We were warned by some friends that we’d be pretty sore afterwards. The next day we were a bit sore in our ribcages where they pressed into the board. But that was it. A day after that we were fine.

Good Vibrations

The one lesson has given us enough confidence that if we’re staying someplace where we can rent boards we can now do so. Granted we’re not ready for the Banzai Pipeline on the north shore of Oahu, but we feel we can handle something more modest without embarrassing ourselves.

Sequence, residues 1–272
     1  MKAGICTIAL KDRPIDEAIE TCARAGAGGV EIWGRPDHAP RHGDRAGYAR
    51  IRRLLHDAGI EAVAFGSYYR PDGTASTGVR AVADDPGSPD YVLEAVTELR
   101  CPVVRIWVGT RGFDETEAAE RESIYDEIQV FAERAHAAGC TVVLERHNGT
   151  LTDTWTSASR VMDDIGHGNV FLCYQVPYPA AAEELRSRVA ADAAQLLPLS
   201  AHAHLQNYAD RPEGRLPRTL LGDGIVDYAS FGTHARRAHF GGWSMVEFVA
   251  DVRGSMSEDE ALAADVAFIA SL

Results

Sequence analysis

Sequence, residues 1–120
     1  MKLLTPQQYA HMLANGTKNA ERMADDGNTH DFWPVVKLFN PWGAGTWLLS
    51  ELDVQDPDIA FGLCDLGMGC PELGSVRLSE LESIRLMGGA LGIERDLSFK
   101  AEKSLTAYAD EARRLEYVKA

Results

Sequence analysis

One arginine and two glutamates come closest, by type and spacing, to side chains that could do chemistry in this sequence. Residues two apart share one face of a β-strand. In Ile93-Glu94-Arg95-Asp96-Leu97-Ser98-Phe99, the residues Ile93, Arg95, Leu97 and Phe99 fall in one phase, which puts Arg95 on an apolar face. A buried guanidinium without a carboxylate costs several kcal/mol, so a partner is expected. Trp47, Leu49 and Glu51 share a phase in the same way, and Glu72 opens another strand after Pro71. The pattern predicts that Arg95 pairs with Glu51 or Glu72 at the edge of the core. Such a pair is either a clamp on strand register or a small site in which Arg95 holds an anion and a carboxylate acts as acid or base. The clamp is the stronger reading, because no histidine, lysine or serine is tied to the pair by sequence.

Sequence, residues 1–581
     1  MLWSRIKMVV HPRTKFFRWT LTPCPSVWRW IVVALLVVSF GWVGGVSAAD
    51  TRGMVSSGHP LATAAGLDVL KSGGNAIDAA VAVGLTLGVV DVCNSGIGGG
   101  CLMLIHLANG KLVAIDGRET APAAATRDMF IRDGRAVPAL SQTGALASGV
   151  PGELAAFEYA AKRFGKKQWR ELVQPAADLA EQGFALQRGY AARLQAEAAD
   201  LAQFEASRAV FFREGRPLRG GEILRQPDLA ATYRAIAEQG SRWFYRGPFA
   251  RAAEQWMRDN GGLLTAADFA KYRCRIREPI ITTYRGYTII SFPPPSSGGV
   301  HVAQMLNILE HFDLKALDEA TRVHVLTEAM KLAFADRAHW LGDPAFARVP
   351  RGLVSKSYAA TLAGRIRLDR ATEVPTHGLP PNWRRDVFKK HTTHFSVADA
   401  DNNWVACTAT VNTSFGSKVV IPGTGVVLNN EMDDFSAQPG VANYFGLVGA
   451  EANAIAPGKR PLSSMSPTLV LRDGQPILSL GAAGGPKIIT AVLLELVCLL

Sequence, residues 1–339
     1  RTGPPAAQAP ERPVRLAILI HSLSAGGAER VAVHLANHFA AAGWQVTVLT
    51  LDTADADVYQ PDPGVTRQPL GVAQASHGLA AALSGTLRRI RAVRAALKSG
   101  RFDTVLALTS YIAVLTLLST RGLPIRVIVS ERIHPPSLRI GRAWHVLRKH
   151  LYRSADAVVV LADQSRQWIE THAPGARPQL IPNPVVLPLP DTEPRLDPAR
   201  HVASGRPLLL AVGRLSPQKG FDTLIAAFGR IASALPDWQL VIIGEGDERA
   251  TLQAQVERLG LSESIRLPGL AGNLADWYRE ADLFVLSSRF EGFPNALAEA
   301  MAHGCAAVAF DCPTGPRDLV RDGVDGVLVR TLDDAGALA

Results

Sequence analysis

Collecting experiences at this point in our lives feels so right. We are creating new memories and are even picking up a few new skills along the way. Besides, as nomads without a home we can’t collect stuff, we have no place to put it.

Hawaii Vacations: Save 30% or more in paradise!

Here’s how to connect with Gone Surfing who was kind enough to provide us with this lesson.

28581550060_131210d7e7_mLarissa and Michael are your typical middle-aged couple from Philadelphia who’ve been traveling the world full-time since 2011, seeking off-beat, historic and tasty sights. To receive monthly updates and valuable travel tips subscribe here.